In the halls of Congress, the Arizona shooting has prompted calls to tone down violent rhetoric. But it will take more than reformed lawmakers to change politics' tough-talking culture.
Saturday’s mass shooting in Tucson, Ariz., reset the political clock on Capitol Hill Monday, as Congress swept aside the legislative agenda out of respect for those killed or injured, including Rep. Gabrielle Giffords (D) of Arizona and her aide, Gabriel Zimmerman.
The motive for the mass shooting in Tucson is not clear, but that hasn’t stopped speculation about what is to blame or how tragedy can be averted in the future.
The most frequent comment on Capitol Hill – short of ubiquitous calls to exercise prudence – is to tone down the toxic rhetoric, especially gun-infused metaphors.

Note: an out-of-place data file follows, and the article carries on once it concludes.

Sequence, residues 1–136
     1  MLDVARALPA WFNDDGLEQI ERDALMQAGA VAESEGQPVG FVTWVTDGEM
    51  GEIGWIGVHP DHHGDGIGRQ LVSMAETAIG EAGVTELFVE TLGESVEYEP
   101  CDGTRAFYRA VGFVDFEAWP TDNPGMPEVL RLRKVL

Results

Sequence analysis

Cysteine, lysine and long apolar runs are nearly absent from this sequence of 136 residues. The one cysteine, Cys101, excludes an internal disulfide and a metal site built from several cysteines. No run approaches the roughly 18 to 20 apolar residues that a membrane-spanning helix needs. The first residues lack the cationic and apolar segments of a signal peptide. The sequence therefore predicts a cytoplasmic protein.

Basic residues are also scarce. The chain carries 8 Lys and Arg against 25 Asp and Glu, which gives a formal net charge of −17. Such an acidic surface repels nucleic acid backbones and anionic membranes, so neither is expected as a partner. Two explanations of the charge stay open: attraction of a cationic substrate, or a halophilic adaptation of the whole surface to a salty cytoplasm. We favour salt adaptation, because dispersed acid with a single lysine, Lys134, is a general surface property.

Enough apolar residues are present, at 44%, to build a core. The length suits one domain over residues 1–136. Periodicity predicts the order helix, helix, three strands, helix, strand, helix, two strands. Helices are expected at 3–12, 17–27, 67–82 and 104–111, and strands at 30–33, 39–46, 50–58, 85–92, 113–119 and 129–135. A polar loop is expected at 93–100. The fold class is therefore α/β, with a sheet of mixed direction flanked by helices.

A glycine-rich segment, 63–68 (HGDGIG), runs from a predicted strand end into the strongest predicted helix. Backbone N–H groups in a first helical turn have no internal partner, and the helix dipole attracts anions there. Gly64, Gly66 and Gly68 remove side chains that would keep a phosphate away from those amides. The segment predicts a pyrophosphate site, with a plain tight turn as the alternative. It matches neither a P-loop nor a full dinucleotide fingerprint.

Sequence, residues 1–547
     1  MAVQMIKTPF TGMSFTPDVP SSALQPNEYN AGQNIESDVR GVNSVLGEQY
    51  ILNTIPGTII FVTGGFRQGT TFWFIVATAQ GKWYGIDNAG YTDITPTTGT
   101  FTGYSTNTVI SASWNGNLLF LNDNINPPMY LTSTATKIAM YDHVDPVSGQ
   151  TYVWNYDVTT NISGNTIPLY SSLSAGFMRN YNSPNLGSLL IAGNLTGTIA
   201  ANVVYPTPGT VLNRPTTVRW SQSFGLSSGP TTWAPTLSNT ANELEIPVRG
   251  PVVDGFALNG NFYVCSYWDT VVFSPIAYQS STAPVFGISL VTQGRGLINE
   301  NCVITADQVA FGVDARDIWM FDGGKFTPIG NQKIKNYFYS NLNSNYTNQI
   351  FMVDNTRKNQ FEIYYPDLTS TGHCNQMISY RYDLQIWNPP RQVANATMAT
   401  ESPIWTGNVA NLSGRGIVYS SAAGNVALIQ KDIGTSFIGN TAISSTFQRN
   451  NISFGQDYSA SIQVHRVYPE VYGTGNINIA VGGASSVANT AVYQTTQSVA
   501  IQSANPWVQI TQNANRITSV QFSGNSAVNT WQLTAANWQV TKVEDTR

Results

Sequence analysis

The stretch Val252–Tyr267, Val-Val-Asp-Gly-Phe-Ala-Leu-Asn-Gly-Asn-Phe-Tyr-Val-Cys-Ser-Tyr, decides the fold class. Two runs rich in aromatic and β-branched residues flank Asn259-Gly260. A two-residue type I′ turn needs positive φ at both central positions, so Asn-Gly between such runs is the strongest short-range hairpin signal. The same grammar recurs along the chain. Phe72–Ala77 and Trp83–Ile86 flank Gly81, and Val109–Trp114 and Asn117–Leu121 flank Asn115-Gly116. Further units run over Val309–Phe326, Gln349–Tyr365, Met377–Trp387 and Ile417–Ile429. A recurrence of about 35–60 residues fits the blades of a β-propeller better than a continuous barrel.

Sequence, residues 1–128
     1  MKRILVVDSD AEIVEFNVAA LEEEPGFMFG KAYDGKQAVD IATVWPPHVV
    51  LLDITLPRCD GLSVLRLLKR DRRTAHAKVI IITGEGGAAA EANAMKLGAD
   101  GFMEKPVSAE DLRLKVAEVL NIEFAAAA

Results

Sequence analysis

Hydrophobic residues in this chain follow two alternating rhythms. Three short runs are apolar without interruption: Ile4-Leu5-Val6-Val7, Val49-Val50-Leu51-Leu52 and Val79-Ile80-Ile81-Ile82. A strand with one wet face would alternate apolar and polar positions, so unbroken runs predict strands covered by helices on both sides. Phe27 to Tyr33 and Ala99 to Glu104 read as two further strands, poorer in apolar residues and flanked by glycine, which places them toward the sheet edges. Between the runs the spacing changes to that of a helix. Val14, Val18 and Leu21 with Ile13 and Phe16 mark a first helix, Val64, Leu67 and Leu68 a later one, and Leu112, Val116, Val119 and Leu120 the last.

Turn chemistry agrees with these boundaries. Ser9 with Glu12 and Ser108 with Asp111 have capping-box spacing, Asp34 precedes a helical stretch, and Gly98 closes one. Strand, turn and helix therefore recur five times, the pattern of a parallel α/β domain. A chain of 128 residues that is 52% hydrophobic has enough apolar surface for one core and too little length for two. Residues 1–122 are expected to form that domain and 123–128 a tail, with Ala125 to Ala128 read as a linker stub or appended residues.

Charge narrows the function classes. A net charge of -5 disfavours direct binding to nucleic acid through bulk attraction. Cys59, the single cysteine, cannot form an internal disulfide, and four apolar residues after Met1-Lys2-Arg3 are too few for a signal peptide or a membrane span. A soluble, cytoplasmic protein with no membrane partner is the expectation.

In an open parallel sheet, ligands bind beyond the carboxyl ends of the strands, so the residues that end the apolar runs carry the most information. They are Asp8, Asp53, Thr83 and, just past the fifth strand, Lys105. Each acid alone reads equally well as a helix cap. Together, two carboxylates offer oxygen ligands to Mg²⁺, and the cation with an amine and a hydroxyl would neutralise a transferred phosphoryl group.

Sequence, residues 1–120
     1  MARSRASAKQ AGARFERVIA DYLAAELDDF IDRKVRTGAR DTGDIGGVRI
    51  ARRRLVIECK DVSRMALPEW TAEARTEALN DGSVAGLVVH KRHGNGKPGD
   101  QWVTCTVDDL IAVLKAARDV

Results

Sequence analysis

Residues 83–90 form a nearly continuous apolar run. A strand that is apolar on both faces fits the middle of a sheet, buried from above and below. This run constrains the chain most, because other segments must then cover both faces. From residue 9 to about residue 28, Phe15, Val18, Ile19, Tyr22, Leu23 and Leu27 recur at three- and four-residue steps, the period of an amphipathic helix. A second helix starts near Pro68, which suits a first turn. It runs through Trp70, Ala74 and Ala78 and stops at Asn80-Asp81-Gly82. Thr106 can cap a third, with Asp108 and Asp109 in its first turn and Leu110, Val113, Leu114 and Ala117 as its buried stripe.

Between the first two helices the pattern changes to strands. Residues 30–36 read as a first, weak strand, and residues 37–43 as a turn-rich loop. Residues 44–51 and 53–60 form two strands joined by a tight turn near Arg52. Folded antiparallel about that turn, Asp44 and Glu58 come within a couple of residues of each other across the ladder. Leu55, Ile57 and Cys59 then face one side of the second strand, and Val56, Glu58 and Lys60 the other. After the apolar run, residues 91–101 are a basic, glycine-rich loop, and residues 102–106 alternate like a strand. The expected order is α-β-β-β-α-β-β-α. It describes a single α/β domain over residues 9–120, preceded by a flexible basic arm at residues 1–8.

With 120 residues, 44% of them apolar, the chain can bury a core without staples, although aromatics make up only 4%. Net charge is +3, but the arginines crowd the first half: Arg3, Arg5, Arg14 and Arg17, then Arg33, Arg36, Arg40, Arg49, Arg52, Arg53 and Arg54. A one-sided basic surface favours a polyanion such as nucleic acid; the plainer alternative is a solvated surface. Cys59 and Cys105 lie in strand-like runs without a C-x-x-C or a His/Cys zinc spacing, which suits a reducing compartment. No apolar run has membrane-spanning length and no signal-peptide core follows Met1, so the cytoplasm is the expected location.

But critics acknowledge that it will take more than just members of Congress altering their tough-talking ways to change the overall culture. Political consultants, fundraisers, the news media are all also addicted to tough talk – and for the same reason, it sells.
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